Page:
Publication: Broadway Newsletter Issue 60 May/June 2016
F.L. Griggs is best remembered in Broadway as the designer of the War Memorial near the green, but that is only part of his story. Grigg’s contemporary reputation as an etcher was unsurpassed as acknowledged by his election to the Royal Academy in 1931. Demonstrating an equal mastery of meticulous architectural details and poetic effects of light and atmosphere, he created images of compelling visionary intensity. These were so accomplished that one devotee wrote to him assuming his etching of Sarras – the home of the Holy Grail in Arthurian legend – depicted an actual geographical feature.
The son of a Hitchin baker, Griggs trained as an architect. He moved permanently to Chipping Campden in 1905, renting Dover’s House for 20 years before designing and constructing his final home, New Dover’s House, which almost bankrupted him and remained unfinished at his death. Griggs collaborated with the renowned Arts & Crafts architect and designer, Ernest Gimson, on various projects, including the Broadway War Memorial. In 1929, he founded the Campden Trust together with Gimson’s pupil Norman Jewson, the preserver of Owlpen Manor.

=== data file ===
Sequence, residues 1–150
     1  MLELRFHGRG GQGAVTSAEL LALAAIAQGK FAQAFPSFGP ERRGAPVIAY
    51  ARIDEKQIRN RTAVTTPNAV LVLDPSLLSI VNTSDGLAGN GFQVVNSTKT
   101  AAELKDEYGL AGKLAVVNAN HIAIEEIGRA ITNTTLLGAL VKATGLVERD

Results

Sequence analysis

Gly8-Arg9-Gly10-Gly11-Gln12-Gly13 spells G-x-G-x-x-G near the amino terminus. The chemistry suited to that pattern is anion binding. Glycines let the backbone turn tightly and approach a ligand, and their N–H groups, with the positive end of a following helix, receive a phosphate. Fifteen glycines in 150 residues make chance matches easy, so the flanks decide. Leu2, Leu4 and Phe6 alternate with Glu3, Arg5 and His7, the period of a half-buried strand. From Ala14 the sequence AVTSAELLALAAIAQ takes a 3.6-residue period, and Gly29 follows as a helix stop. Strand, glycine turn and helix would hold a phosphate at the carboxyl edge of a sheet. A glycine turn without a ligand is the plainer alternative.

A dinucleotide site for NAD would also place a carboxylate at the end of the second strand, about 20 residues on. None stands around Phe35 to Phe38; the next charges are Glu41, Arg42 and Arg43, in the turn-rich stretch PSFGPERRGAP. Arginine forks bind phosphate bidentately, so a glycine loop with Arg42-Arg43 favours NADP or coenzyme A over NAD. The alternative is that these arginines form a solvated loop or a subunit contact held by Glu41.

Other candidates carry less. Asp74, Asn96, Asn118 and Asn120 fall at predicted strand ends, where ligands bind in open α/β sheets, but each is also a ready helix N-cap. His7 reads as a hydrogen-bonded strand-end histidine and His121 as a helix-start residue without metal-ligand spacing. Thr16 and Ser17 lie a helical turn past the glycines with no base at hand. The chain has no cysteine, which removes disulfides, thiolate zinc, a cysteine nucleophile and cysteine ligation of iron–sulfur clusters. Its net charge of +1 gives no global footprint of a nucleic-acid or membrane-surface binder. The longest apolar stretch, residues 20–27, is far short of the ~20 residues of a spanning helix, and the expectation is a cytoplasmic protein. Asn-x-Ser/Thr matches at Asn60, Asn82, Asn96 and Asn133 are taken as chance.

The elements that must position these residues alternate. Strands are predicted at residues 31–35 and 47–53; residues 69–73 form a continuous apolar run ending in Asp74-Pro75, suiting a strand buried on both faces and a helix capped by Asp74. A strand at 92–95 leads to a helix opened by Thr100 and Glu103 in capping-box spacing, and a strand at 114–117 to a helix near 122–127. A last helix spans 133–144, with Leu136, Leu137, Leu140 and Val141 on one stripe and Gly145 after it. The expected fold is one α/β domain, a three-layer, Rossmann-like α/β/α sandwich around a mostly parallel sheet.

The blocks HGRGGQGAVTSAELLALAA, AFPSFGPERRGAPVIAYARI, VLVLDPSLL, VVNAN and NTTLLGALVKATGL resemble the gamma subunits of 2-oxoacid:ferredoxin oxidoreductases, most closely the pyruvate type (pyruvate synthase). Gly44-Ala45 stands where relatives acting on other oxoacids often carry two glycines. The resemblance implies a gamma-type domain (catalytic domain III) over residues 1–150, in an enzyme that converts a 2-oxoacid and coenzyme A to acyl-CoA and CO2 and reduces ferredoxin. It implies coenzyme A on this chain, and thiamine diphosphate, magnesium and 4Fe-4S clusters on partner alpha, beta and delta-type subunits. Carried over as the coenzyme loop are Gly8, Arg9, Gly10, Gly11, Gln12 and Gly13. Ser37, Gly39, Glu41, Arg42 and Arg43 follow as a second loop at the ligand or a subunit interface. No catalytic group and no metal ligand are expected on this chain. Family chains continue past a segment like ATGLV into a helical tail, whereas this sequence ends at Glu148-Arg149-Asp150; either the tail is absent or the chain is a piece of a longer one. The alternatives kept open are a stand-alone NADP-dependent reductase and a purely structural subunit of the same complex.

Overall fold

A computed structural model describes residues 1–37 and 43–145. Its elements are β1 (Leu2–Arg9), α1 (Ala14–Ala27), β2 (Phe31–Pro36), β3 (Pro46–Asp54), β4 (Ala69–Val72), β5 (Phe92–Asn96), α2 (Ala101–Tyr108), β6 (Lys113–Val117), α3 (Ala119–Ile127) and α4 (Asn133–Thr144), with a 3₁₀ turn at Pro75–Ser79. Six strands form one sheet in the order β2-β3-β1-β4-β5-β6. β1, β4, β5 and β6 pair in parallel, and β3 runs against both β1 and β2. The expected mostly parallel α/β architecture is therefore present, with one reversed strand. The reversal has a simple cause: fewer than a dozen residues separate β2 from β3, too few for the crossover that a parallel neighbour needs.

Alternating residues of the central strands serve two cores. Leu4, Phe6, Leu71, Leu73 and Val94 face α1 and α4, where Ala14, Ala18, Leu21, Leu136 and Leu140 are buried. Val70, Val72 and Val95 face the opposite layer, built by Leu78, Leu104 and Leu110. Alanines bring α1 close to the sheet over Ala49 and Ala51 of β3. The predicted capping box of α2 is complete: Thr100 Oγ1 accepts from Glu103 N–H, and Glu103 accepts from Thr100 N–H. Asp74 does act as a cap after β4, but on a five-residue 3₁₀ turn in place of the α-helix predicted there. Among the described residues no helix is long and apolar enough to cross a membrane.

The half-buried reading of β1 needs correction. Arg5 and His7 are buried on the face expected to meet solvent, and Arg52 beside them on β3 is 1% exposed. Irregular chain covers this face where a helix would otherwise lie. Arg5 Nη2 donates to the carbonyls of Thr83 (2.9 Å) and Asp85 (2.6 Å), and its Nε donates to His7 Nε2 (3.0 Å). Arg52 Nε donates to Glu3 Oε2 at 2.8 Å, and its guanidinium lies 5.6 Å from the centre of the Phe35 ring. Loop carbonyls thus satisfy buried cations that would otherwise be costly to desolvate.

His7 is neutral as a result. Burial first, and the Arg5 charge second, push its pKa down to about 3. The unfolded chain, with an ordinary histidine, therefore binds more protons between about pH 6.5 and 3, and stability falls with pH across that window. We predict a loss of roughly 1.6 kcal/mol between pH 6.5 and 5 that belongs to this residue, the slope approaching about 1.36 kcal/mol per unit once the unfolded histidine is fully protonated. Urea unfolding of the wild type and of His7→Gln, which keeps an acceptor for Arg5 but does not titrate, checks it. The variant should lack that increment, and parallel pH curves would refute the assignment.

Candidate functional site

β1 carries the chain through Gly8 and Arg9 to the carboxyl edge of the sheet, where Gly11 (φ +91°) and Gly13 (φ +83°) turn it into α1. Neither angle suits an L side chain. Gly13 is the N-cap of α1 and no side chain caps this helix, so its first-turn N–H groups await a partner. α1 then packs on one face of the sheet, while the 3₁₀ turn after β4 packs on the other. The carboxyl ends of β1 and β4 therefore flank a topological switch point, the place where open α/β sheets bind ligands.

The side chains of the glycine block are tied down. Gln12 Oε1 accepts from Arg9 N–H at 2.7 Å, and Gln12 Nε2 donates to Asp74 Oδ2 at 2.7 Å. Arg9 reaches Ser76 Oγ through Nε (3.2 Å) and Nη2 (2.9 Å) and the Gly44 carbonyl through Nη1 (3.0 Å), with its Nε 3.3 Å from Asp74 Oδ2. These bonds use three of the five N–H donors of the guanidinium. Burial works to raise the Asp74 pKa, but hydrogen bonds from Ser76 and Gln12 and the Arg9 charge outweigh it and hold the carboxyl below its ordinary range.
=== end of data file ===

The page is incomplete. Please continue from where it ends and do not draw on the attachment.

Griggs had a deep seated love of the countryside and medieval architecture and increasingly lamented England’s lost identity as a result of the Reformation of the 16th century, the Industrial Revolution of the 19th and the modern dissolution of community, accelerated by the horrors of the First World War. Writing to his friend, the poet Russell Alexander, on 20 September 1911, he proclaimed “Damn everything and especially change”.
Yet his work offered refuge, resisting change by reforming the past through imagination and memory. Through the V&A’s 1926 Palmer exhibition, Griggs was instrumental in introducing Samuel Palmer to a new generation of artists, among them Graham Sutherland, whom Griggs instructed in print-making.
The Ashmolean Museum’s collection of Griggs’s work is unrivalled and includes volumes of Highways and Byways, etchings (over one third of the 57 he produced), fascinating preparatory drawings and superb watercolours.